Another example is machine data. Aggregating performance data across a field inventory of working machines has a tremendous benefit for companies and can help improve future designs. Farmers who use JDLink, for example, would be able to access information about their own machines, but John Deere also has access to the aggregated information — if the farmer opts in.

Chis Batdorf, product marketing manager, John Deere Intelligent Solutions Group, notes that the company has created a website — johndeere.com/trust — that defines the data and privacy agreements in key detail. “The core principles around data at John Deere are that there is value in the data for the customer and the company. We’re very transparent about what we will and will not do with the data. And the customer will have choices, and the customer controls the direction of the data.”

No matter how much a company tests a machine or works to gather information, it would be difficult to get the universe of data available from these new telemetry tools on the market from major players. How does a specific model work in high temperatures under load? Would the machine perform the same at a lower rpm, saving fuel and adding to engine life?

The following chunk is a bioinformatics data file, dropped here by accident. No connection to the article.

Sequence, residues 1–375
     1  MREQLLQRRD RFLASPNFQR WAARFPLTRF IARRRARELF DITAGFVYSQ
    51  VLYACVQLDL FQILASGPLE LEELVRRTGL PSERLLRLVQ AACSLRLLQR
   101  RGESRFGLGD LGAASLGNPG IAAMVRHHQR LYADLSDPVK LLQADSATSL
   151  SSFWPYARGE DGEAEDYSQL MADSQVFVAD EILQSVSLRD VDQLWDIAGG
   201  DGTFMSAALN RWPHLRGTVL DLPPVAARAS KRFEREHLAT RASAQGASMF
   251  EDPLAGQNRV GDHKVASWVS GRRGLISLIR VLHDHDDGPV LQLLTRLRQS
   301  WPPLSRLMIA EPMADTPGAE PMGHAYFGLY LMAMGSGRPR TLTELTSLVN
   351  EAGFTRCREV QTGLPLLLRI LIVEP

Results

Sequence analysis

These same services would also allow your local dealer to know how your machine is performing at any given time.

Over at AGCO, the Fuse strategy can capture machine information, but only if the farmer opts in, says Jason O’Flanagan, senior marketing specialist, North America. “Right now we offer limited data transfer capabilities, but machine data collection is widely available. This is an opt-in service for us to look at the data. The data belongs to the customer, even if it’s on our server,” he says.

AGCO’s main focus is that machine data. “The data we would like to see is engine temperature, spikes in oil pressure, and [to] monitor machines to improve design,” he says. “We’re not really in the yield and harvest data capture service.”